Considering that excessiveness, Ahsoka is at least an entertaining, satisfying product (it never stops being a product, one that does not reach the levels of Andor or The Mandalorian). That is more than can be said for contents as emotionally and narratively empty as Obi-Wan Kenobi and Boba Fett, which rely on nostalgia, are structurally rotten and have no soul or entertainment value whatsoever. Unfortunately, the context will not make it easy for Ahsoka to capture anyone outside the die-hard fans. Perhaps the Hollywood strikes will be good for the empire. A much-needed pause to become culturally relevant again.

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Revitalizing Fall Cinema As New York Film Festival Takes Center Stage

By Cindy Porter

The fall film season has been a muted affair, with major festivals in Venice, Telluride, and Toronto lacking their usual fervor.

Hollywood’s luminaries have been notably absent from red carpets, leaving an air of dormancy since the heady days of Barbenheimer.

New York Film Festival Takes Center Stage

New York Film Festival Takes Center Stage

However, as the 61st New York Film Festival kicks off, there’s a palpable sense of awakening.

Labor disputes are inching toward resolution, hinting at a resurgence in the industry. Considering this, the festival promises to deliver an exceptional array of films, showcasing some of the year’s finest cinematic offerings.

The Festival Lineup

Dennis Lim, the festival’s artistic director, expresses optimism despite industry uncertainties, affirming that cinema’s vitality endures.

The opening night feature, Todd Haynes’ “May December” introduces a playful yet poignant narrative led by Natalie Portman, Julianne Moore, and Charles Melton. It sets the stage for a festival packed with noteworthy films.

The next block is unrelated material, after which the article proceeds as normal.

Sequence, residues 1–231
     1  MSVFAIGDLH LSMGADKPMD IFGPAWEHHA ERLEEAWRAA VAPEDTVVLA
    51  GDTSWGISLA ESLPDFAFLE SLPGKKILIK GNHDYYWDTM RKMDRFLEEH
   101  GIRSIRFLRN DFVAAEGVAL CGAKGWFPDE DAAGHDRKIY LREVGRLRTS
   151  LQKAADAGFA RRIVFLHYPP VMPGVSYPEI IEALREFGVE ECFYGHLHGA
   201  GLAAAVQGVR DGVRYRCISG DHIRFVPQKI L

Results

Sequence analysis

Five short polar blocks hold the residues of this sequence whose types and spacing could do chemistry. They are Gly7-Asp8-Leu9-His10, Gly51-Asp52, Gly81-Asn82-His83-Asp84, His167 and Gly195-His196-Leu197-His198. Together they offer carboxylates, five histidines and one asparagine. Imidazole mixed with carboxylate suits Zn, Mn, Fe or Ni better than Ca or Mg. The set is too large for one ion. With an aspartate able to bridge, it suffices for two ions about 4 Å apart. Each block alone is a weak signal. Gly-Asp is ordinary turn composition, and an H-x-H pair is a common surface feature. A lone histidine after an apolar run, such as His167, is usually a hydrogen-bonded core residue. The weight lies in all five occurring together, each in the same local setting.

Highlights at the Festival

Yorgos Lanthimos’ Venice sensation “Poor Things” starring Emma Stone, offers a compelling blend of wit and intrigue.

Sofia Coppola’s “Priscilla” with Cailee Spaeny portraying Priscilla Presley, promises to be a captivating exploration of a legendary figure’s life.

Bradley Cooper’s “Maestro” brings Leonard Bernstein’s story to life, adding another layer of significance to its North American premiere.


The festival’s closing feature, Michael Mann’s “Ferrari,” emerges as a masterpiece.

Starring Adam Driver as Enzo Ferrari, the film delves into a pivotal period in the auto maker’s life, culminating in the high-stakes Mille Miglia race.

Mann’s signature intensity permeates every frame, depicting the relentless pursuit of victory against the backdrop of impending peril.

Exploring Depth in Documentaries

The festival also showcases immersive documentaries, including Wang Bing’s “Youth (Spring)” Steve McQueen’s “Occupied City,” and Frederic Wiseman’s “Menus-Plaisirs Les Troisgros”.

These monumental works, clocking over 200 minutes each, delve into diverse realms, offering profound insights into the human experience.

“Youth (Spring)”

Wang Bing’s “Youth (Spring)” unveils the lives of young migrant workers, toiling tirelessly in textile factories near Shanghai.

Their hands move with frenetic speed, a testament to the demands of their low-paying occupations.

Considering this, Wang delicately unravels their personal stories of love, heartbreak, and aspirations, painting a poignant portrait of resilience.

“All of Us Strangers”

Andrew Haigh’s “All of Us Strangers” unfolds within the confines of a near-empty apartment building. Andrew Scott’s portrayal of a screenwriter, Adam, embarks on a journey of self-discovery, triggered by an unexpected encounter with Harry (Paul Mescal). Through intimate dialogues, the film navigates the complexities of memory, companionship, and the power of storytelling.

The New York Film Festival shines a spotlight on films that transcend the boundaries of time and space.

Its dedication to authentic cinematic experiences, unburdened by distractions, reaffirms the enduring power of storytelling.

Films like “Janet Planet” by Pulitzer Prize-winning playwright Annie Baker transport audiences to specific moments in history, immersing them in a world where silence and nostalgia take center stage.

As the festival unfolds, it offers a resounding testament to the indomitable spirit of cinema.

We Can’t Thank You Enough For Your Support!

— By Cindy Porter